GOOD

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In San Francisco, carpool capital of the universe, new rules are reducing the incentive for ridesharing.

For 30-plus years in the San Francisco Bay Area, complete strangers carpooled to work together. Why? Well, for a lot of reasons: carpools were exempt from bridge tolls, a special lane allowed vehicles to bypass traffic, and it was often more convenient than taking public transit. On July 1, 2010, all this changed. A toll-structure revamp eliminated carpoolers' free ride, and a new rule made it so that only vehicles equipped with a FasTrak pass—an electronic device linked to the driver’s account—are allowed to use the carpool lane. In the 30 days since, ridesharing has dropped by over 12,000 cars a day.

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We all do it. Our favorite magazine arrives, we dutifully place it on the coffee table in anticipation, looking forward to spending a leisurely Saturday morning devouring every page. And then, life happens. Turns out this Saturday is that brunch you forgot about. Sunday’s no good either. And so the weeks pass. The magazine gets buried under the detritus of your day.

We now have constant and universal access to information; we pay for connectivity, but we very seldom pay attention. But what if media required our undivided focus? What if journalism became something you couldn’t put down for later? What if that much-anticipated issue became ephemeral? Would it be more valuable if it existed for just one night? Douglas McGray thinks so, which is why he and a group of friends founded Pop-Up Magazine, a unique endeavor that refuses to gather dust on your coffee table.

Pop-Up is a magazine upon a stage, an experience that unfolds with an impressive collection of nationally acclaimed journalists, commentators, photographers, radio producers, filmmakers, and artists. Nothing is taped or recorded, nothing tabled for later—you leave the issue with no proof of your experience, no artifact of the stories you’ve seen.

As Pop-Up’s Editor in Chief, McGray wants to push and expand the conceptual limits of traditional media. “We are all lovers of magazines and photography, and art, and documentary film and radio. With Pop-Up, we aren’t so much addressing a flaw in magazines but rather trying to see what all a magazine could be. Our love of the form inspired a little bit of experimentation. We wanted to know, what would a magazine be if you did it live? For one thing, the contributors will be there and they will feel close to the audience, and the audience will feel close to them, and that connection will allow us to do things that are uniquely suited to the live space.”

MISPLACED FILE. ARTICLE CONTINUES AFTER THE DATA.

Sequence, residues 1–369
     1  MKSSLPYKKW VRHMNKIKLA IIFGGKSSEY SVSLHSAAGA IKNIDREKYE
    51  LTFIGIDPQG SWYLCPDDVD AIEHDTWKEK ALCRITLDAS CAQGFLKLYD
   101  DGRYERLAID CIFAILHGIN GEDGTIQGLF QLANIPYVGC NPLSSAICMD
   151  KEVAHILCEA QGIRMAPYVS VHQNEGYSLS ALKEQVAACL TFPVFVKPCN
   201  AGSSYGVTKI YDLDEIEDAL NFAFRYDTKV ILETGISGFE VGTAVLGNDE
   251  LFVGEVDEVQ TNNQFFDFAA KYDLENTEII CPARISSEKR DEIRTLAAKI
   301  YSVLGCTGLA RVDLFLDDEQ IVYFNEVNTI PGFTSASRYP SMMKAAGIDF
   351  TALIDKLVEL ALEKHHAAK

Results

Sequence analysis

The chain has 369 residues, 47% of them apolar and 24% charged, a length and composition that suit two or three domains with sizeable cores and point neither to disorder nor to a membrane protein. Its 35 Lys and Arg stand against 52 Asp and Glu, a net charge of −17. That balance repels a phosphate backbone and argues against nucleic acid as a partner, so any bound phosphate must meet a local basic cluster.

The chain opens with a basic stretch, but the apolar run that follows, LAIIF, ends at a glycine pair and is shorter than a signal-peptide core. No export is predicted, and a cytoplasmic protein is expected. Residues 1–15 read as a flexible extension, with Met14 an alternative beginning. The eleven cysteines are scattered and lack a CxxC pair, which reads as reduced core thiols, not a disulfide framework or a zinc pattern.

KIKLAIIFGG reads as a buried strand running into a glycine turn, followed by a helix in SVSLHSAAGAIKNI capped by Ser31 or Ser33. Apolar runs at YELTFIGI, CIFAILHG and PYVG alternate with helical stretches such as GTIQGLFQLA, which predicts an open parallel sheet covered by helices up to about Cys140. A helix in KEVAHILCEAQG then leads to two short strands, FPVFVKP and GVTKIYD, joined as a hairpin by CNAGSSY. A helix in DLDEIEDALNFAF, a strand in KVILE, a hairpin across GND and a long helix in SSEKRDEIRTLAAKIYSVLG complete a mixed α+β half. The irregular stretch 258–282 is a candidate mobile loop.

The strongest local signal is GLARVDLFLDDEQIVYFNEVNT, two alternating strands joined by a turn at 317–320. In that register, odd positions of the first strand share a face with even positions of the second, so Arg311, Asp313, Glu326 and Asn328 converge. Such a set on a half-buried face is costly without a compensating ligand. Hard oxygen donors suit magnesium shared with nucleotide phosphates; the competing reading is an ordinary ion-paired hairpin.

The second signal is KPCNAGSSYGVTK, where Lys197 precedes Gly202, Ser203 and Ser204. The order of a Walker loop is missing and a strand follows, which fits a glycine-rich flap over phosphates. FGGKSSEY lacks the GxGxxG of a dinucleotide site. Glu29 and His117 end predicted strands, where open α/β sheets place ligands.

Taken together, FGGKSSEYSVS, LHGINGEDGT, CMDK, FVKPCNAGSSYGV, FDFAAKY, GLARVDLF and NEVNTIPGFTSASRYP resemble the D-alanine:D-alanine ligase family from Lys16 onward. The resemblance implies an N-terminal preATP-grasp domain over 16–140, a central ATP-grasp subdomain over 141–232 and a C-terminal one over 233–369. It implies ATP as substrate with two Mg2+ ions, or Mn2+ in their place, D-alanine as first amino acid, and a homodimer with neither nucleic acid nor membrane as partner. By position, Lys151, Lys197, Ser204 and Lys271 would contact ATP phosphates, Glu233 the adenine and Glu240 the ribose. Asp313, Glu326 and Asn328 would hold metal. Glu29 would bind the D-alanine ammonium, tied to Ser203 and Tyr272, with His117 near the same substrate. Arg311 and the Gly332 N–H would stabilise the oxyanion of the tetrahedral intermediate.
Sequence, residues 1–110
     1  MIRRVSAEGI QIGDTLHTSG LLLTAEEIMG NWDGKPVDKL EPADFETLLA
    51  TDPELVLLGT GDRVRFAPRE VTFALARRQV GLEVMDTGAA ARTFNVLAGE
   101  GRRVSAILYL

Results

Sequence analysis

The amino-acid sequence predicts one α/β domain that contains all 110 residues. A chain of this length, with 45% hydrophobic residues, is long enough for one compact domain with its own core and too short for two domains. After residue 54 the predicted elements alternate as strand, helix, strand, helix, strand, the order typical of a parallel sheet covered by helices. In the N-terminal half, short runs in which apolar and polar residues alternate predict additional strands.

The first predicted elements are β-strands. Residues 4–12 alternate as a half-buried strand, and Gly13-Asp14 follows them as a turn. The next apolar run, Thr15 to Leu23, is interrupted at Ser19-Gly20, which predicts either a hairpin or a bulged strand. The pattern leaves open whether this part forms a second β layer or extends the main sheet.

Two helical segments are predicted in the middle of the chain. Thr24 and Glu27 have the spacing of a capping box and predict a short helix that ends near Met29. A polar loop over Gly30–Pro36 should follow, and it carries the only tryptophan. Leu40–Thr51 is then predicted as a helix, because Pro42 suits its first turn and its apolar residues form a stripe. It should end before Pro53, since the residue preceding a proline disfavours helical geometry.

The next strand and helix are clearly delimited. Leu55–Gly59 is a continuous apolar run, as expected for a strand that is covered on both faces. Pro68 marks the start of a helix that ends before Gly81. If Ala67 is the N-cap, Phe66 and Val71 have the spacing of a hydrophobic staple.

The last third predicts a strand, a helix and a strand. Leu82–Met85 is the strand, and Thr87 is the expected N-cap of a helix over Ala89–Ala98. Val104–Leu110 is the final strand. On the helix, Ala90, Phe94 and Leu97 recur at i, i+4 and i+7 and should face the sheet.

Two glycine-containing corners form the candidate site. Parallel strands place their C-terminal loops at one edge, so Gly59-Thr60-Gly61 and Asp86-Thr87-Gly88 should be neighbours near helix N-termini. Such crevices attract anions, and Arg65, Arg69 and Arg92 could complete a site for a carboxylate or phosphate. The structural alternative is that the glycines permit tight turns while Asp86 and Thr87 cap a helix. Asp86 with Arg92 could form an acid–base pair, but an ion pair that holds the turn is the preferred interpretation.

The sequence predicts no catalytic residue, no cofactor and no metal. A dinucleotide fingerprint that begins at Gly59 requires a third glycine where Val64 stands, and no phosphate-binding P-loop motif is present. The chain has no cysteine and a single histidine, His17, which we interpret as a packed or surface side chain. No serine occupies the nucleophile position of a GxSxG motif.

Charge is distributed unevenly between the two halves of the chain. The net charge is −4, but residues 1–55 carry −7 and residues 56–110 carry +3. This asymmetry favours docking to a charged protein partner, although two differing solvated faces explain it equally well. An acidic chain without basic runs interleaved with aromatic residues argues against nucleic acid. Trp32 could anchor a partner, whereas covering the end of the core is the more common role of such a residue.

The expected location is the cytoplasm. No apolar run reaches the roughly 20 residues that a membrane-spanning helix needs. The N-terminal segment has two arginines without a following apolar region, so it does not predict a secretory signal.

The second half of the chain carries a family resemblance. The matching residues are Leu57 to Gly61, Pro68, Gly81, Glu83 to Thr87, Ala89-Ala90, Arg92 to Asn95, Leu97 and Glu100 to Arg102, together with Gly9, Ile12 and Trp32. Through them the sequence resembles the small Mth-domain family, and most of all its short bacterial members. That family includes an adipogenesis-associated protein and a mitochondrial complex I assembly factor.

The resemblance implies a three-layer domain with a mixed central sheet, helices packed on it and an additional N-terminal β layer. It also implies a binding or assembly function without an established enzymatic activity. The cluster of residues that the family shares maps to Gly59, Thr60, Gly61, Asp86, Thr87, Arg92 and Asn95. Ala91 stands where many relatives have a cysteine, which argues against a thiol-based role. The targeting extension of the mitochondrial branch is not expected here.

What kind of things? Any number of magazines invite you to read a recipe for a hot new cocktail, but in Pop-Up, that recipe includes a live drink demo followed by that same drink being imbibed by the audience after the show. How about a fully-immersive infographic, like when the folks from Wired enlightened the audience on the extreme use of energy at Disney World by cranking every light in the venue to “11” and explaining that to reach the amount of power the theme park uses in just one day, you would need to leave those house lights cranked up for more than 10 years. Another more somber story documented the budding Facebook relationship between a former Guantanamo prison guard and a released Guantanamo prisoner.

In a stand-out moment, a journalist shared a piece on her elderly father becoming a competitive weightlifter. She wryly recounted his unlikely national and international victories in his age bracket. The story was uplifting and people applauded, but when she suddenly surprised the crowd by introducing her father and he stepped onto the stage, the audience erupted into a joyous and extended standing ovation. Remembering the moment, McGray asks, “How often do you get the chance to cheer for an article?”

The magazine is structured like its more traditional cousins. Shorter stories open each issue, followed by gadget and product reviews. Articles on food and family might lead to travel and then on to infographics or sports, culminating with its feature stories. “We like to include both personal and larger issues; we like to do stuff that’s heavy and intellectual, as well as stuff that’s light and funny; we like each issue to teach us about all kinds of subjects,” says McGray.

Based in San Francisco, Pop-Up has so far wrapped three issues, the last of which was held in mid-April before a nearly 1,000 person crowd at the sold-out Herbst Theatre. In an age where our digital footprints are permanent, information a mere click away, Pop-Up thrives because it is unexpected and momentary: There are no back-issues, it can’t be Tivoed, and good luck trying to google it later. “When everything gets thrown online…instantly documented, archived, available in web browsers forever and ever, it takes away the specialness a bit,” explains McGray. “We don’t do Pop-Up frequently. When we have it, people are excited about it and excited to come out and have an experience together. It’s participatory. It’s a community.”